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Coming Soon: The Devil’s Birth Control

With all the hullabaloo over birth control and the Christian right freaking out over it, we get news of a next-generation form of contraception that is sure to make their heads explode: an implantable microchip that prevents pregnancy and can be turned on and off.

A new candidate for the perfect contraceptive has surfaced – a wireless, remote-controlled implant that can be turned on and off at the push of a button.

Developed by US tech start-up MicroCHIPS, the device will begin pre-clinical testing in 2015. If the testing is a success, the device will be on the market by 2018.

According to Gwen Kinkead at MIT Technology Review, the device is just 20 x 20 x 7 mm, which is small enough to be implanted under the skin of the buttocks, upper arm, or abdomen. It uses a synthetic hormone called levonorgestrel, which is already featured in many current contraceptives, and it dispenses 30 mg of it per day via a special heat-activated seal.

“MicroCHIPS invented a hermetic [air-tight] titanium and platinum seal on the reservoirs containing the levonorgestrel. Passing an electric current through the seal from an internal battery melts it temporarily, allowing a small dose of the hormone to diffuse out each day,” says Kinkead.

And it lasts for 16 years. Women controlling their own reproduction and the “mark of the beast”? This is going to send the Christian right into a major league hissy fit.

Comments

  1. raven says

    Not too impressed.

    There are already implantable long acting hormonal birth control systems.

    They haven’t been too popular for a lot of reasons. One was taken off the market. Not because of jesus or angels but because they didn’t sell well.

    And that reservoir isn’t going to last 16 years. Not at 30 mgs per day. It’s going to have to be refillable.

  2. raven says

    One of my pet gripes is that more money should be spent on birth control systems.

    There is a fair amount of R&D spent on it, but it isn’t a high priority for the pharma/medical research establishment.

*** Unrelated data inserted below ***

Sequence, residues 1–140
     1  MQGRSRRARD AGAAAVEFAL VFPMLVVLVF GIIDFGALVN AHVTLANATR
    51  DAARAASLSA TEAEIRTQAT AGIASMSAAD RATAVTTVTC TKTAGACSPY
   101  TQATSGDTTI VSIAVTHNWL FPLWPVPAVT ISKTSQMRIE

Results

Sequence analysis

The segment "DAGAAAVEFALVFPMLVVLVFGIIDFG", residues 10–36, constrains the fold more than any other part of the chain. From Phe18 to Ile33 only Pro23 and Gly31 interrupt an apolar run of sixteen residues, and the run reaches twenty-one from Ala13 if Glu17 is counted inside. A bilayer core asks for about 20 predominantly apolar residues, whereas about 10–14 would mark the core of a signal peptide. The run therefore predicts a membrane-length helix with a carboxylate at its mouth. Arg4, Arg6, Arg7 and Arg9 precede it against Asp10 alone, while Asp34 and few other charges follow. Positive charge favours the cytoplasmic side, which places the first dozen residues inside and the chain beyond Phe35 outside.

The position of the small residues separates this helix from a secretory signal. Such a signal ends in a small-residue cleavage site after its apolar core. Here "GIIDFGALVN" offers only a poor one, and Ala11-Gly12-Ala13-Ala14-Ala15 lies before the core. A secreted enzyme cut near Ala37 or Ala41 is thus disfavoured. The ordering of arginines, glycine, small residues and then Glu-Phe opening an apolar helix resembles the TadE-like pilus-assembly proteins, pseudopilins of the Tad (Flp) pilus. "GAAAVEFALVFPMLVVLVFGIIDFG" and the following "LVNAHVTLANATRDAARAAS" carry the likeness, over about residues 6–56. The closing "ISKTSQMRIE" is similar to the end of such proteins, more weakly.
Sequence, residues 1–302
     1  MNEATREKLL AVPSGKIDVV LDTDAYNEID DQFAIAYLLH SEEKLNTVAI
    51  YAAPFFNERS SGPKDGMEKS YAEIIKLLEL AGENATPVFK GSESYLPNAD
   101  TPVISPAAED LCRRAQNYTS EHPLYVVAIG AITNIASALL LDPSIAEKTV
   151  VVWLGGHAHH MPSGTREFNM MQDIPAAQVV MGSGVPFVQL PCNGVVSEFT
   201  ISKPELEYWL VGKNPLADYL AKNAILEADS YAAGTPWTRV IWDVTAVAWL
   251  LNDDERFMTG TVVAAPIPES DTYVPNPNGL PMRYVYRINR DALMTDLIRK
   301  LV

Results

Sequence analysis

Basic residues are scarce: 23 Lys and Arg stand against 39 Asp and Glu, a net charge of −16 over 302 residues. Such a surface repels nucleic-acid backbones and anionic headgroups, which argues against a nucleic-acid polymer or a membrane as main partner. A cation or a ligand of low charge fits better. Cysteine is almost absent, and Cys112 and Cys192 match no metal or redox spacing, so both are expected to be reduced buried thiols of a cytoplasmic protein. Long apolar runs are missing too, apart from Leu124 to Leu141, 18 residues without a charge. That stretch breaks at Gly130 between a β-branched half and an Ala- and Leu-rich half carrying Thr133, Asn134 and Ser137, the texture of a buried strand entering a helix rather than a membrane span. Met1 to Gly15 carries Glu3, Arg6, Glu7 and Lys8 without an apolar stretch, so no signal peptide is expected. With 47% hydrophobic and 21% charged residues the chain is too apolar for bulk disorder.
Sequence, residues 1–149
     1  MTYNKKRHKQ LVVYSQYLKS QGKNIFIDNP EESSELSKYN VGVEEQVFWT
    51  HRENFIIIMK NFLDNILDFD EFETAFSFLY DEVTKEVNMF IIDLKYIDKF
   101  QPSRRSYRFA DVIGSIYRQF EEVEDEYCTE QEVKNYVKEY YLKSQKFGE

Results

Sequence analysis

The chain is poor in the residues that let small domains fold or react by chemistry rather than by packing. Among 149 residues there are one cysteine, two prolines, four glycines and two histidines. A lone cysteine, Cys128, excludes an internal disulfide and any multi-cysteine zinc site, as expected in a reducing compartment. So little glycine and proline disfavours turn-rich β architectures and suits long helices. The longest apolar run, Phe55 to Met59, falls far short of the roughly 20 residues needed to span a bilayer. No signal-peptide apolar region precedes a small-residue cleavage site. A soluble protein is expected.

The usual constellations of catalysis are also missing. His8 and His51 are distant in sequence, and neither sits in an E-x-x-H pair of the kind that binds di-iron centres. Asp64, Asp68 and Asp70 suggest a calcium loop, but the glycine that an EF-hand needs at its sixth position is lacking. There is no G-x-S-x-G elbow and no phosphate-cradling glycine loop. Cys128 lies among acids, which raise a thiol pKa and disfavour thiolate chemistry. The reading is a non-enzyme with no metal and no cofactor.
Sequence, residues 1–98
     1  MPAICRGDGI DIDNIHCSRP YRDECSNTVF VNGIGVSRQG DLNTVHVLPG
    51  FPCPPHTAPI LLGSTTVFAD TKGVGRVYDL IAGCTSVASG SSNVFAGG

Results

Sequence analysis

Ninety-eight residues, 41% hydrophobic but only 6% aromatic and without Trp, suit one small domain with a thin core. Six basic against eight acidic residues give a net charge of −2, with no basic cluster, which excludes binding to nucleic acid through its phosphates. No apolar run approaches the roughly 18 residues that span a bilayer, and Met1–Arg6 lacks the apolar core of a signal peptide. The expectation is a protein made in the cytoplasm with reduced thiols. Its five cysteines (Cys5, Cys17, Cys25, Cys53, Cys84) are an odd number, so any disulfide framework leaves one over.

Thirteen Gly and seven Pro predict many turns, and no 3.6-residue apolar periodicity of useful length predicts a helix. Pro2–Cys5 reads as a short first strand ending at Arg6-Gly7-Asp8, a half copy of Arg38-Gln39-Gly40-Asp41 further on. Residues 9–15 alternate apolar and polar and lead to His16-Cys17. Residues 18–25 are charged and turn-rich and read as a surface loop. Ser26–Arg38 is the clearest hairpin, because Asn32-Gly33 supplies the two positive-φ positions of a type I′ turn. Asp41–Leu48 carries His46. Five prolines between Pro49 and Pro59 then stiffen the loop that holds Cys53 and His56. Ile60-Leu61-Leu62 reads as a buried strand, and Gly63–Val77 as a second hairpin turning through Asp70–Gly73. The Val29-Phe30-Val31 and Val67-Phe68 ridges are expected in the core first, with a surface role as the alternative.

For compelling reasons, they should spend more.

  3. dugglebogey says

    Even though the vast majority of women who take birth control are married, ANYONE WHO GETS THIS IS A FUCKING WHORE!

  4. matty1 says

    I do actually worry about that remote control bit. I imagine a scenario with an abusive boyfriend or husband turning off a womans birth control in the hope of using pregnancy to control her, how likely is this?

  5. Artor says

    Also not impressed, for the same reasons Raven listed. Also, because it’s RFID remote-controlled. Is it password protected? I can tell you right now some asshole is going to hack his girlfriend’s birth control chip, turn it off without her knowledge, and get her pregnant against her will. This is guaranteed, and only a matter of time. And it won’t be an isolated incident.

  6. Chris J says

    No, who it would really freak out is the misogynist crowd who are already convinced that roving packs of women seek out men to steal sperm from so they can entrap those men with pregnancy for… some… reason. A birth control method that could be turned off? Horrors!

    And yeah, by my rough calculations, 16 years of hormones at 30mg a day would be 175 grams. Pretty dang hefty for a small device. The battery might last that long.

  7. Abdul Alhazred says

    Coming soon: A woman getting pregnant because her birth control was hacked.

  8. octopod says

    Forget individual abusers; this could be MASS hacked.